Cleric Journal: Day Two Hundred and Sixty One

DearFatherMulcahy

 

 

We took a break in the late morning, letting the horse graze and get some water, while we refreshed ourselves as well.  I sat on the back of the wagon, studying the maps Bob had given me and Liz was off scouting.  We hadn’t seen a gnoll, but that didn’t mean we were safe.  This entire region was a very dangerous place, even if the roads tended to be safer than the wild lands.

The road around Black Crescent lake was well travelled due to the proximity of Far Spire Keep.  I had no real knowledge of the keep other than to assume it was one of our old, abandoned ones.  I have to tell you, whoever architected those keeps did an extraordinary job.  The fact that any of them were still standing, much less under regular use, astounded me.  Seventy-Thousand years since the nine and sixty kingdoms fell.  How many years before the fall were those towers built.  And did they mark the edges of the kingdom?  I always understood that our keep, Father, at the very end of the swamp, was the last.  Granted it was more than twice the size of one of the keeps I’d discovered on the road.  Even with one of the towers collapsing, you could tuck the Hallowed Fortress inside our keep and have enough room for a couple of the keeps from my trek.  The more I saw of the world, the more questions flood my mind.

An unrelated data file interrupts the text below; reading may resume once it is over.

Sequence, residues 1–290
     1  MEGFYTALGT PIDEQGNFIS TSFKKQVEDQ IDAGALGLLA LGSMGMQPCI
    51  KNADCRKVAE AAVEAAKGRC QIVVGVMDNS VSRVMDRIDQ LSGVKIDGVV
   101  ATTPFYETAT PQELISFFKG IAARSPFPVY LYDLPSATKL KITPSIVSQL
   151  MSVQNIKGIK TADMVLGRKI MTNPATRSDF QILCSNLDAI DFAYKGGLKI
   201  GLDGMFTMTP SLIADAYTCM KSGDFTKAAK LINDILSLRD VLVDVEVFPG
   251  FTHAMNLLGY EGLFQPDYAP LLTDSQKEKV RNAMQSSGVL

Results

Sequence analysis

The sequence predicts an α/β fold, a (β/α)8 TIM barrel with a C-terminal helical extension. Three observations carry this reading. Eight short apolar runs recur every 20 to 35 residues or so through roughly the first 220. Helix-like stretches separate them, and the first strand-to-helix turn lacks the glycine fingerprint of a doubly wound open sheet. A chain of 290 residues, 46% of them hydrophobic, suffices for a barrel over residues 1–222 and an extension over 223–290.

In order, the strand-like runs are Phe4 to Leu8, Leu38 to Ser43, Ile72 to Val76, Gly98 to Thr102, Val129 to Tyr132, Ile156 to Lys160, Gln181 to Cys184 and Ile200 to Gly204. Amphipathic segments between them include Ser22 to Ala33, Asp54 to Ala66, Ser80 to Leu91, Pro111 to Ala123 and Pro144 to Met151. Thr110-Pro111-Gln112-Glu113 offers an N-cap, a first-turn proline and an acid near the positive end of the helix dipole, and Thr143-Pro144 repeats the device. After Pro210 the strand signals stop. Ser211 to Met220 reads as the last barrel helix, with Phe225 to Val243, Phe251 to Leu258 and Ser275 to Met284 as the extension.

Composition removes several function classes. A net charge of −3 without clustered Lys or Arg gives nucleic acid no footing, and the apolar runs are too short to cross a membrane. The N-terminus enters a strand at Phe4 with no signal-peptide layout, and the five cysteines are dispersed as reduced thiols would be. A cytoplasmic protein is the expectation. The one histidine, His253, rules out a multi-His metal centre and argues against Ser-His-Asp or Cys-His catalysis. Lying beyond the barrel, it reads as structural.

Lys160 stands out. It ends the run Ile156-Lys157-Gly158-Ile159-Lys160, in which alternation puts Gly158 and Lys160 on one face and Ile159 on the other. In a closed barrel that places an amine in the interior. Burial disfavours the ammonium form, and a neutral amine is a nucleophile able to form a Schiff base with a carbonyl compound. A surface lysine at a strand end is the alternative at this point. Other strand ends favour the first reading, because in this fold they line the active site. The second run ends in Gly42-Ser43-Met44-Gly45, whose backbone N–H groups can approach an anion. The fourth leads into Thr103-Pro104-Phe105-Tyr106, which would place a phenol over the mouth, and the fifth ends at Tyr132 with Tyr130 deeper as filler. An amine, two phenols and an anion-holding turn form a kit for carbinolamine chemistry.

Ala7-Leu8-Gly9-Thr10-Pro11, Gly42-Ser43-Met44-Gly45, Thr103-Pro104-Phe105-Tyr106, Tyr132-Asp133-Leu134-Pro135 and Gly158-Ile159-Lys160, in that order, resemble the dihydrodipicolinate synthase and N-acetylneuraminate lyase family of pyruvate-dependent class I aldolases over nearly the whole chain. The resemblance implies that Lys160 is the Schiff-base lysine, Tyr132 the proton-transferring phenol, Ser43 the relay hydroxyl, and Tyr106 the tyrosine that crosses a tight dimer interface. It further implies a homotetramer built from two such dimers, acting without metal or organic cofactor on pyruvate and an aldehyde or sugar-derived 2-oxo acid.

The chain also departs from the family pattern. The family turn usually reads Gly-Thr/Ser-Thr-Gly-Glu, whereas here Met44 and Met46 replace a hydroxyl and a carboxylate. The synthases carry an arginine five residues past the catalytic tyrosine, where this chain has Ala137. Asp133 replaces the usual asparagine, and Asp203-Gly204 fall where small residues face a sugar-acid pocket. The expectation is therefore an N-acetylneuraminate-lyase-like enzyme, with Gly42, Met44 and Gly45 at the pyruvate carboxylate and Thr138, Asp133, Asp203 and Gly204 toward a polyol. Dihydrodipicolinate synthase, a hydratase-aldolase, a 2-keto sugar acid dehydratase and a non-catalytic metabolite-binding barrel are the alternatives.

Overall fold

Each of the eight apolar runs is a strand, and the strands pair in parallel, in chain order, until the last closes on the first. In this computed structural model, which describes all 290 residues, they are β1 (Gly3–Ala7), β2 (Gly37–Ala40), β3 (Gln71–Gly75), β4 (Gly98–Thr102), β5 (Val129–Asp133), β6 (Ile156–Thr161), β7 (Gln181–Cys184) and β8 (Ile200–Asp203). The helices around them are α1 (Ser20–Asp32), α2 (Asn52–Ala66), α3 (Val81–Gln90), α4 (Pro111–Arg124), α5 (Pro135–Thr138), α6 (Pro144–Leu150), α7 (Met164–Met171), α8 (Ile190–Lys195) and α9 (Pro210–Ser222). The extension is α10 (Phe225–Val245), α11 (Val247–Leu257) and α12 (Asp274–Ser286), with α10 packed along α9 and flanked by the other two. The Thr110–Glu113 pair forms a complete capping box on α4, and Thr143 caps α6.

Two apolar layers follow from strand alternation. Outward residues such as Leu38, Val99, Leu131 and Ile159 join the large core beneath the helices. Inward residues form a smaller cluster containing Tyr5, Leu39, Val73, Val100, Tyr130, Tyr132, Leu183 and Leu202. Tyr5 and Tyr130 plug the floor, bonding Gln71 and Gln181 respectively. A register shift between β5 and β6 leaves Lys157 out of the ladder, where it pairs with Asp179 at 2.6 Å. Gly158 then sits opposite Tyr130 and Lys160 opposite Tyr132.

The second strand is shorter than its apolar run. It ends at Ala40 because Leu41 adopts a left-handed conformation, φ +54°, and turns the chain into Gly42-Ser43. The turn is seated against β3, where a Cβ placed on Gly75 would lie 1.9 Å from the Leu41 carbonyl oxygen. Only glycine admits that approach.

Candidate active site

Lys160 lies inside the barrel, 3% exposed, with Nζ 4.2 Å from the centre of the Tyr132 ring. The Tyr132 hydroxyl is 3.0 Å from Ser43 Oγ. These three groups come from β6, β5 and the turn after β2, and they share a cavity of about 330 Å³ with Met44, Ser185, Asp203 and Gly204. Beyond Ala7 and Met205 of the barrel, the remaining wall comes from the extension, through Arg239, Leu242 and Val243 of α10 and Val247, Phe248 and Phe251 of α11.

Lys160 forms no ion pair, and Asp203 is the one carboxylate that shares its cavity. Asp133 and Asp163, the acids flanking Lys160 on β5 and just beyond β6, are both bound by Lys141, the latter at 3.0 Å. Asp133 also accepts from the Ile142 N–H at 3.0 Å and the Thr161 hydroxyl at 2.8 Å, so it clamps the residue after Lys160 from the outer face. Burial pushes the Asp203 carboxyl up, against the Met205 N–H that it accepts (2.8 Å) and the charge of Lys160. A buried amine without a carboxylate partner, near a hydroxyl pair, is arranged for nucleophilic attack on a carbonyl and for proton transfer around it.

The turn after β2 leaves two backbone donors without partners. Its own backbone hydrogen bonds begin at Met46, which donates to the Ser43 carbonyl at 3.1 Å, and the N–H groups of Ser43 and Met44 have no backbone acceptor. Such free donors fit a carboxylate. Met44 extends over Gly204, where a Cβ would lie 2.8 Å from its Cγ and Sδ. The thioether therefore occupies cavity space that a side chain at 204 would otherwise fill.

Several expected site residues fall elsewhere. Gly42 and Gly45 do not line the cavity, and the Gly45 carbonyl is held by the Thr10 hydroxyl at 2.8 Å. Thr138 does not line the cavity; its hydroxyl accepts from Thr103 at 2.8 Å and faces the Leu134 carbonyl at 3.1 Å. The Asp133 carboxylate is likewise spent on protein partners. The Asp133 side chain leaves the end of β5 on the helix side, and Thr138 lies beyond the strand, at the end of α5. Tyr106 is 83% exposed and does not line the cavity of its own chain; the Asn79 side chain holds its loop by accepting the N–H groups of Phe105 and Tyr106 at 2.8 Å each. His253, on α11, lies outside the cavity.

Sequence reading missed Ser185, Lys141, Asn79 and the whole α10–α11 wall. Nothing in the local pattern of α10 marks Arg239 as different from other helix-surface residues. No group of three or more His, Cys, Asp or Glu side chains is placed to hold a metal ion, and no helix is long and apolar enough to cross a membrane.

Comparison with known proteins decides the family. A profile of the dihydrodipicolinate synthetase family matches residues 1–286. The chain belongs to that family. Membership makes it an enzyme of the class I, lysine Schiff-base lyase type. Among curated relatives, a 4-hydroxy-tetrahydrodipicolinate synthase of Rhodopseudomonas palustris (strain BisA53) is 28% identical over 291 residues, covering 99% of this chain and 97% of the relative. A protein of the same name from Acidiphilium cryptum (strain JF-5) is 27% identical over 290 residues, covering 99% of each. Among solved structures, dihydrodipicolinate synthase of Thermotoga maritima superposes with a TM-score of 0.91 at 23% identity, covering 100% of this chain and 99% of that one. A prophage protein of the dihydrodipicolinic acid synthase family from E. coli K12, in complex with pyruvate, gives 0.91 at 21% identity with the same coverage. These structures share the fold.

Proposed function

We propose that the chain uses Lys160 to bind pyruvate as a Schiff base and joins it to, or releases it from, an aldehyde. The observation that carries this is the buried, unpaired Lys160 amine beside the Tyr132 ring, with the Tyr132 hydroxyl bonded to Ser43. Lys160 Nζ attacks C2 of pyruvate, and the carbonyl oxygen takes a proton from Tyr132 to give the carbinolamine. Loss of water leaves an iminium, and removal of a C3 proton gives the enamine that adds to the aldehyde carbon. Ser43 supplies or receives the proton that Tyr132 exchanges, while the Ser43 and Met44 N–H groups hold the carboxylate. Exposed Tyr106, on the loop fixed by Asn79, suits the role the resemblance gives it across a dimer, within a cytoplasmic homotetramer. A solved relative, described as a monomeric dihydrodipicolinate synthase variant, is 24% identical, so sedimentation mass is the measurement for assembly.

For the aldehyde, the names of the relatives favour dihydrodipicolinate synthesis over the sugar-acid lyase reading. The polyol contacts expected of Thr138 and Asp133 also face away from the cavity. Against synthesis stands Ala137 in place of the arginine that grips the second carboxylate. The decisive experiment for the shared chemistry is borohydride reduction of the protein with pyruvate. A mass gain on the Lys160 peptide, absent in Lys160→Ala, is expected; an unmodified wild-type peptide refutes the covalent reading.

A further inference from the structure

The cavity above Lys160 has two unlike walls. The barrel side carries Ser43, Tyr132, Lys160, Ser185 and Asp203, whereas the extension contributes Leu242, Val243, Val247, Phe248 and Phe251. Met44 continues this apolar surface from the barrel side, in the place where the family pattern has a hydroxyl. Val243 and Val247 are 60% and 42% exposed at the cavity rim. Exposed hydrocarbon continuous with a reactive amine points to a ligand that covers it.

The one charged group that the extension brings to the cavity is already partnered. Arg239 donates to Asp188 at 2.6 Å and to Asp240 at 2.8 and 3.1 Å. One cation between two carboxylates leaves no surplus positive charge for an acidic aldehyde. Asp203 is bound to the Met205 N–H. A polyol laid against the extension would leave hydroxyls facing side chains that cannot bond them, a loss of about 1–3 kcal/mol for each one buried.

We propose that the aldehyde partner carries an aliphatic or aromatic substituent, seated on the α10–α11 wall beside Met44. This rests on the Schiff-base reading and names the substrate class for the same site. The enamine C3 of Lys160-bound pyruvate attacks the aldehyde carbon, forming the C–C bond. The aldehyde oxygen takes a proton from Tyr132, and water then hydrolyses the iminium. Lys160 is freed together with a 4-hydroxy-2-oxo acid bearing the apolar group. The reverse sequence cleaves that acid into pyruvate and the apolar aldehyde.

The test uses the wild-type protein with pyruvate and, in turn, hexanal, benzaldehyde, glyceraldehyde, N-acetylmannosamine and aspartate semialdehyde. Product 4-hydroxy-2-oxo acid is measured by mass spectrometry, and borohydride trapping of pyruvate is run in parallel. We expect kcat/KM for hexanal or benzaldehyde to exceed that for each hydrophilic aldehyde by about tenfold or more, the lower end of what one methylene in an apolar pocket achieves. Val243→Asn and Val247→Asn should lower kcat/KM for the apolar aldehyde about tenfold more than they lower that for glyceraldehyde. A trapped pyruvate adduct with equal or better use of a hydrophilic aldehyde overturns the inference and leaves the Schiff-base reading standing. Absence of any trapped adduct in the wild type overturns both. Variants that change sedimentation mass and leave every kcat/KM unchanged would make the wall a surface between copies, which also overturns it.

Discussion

Nothing to do at this point but make for Far Spire.  If nothing else, it will get me closer to the heart of the mystery.  I rolled up the maps and tucked them into my pack, only to discover a small, linen wrapped package tucked in the bottom.  I had not let this pack out of my company since Bob helped me pack it, but I had spent some of that time unconscious.

I set the package on my lap and untied the deep blue ribbon.  Then I lay aside the edges of the linen and found inside three small carved tablets, and a letter written in an elaborate script.  It was from Nebuchadnezzar.

I implore your patience and your forgiveness for the pain my people have brought upon the world.  We are a fearful race, with delusions of grandeur far beyond our means.  As I attempted to explain to our late king, my uncle, we are too easily manipulated by those who have the things we seek most: gold, power, and respect.

Unfortunately we confuse pandering for respect and are willing to commit any atrocity in search for power and gold.  Funny that we are limited in our opulence, so even with our treasury so full of gold and gems that we could not open the bottom door, we were not content.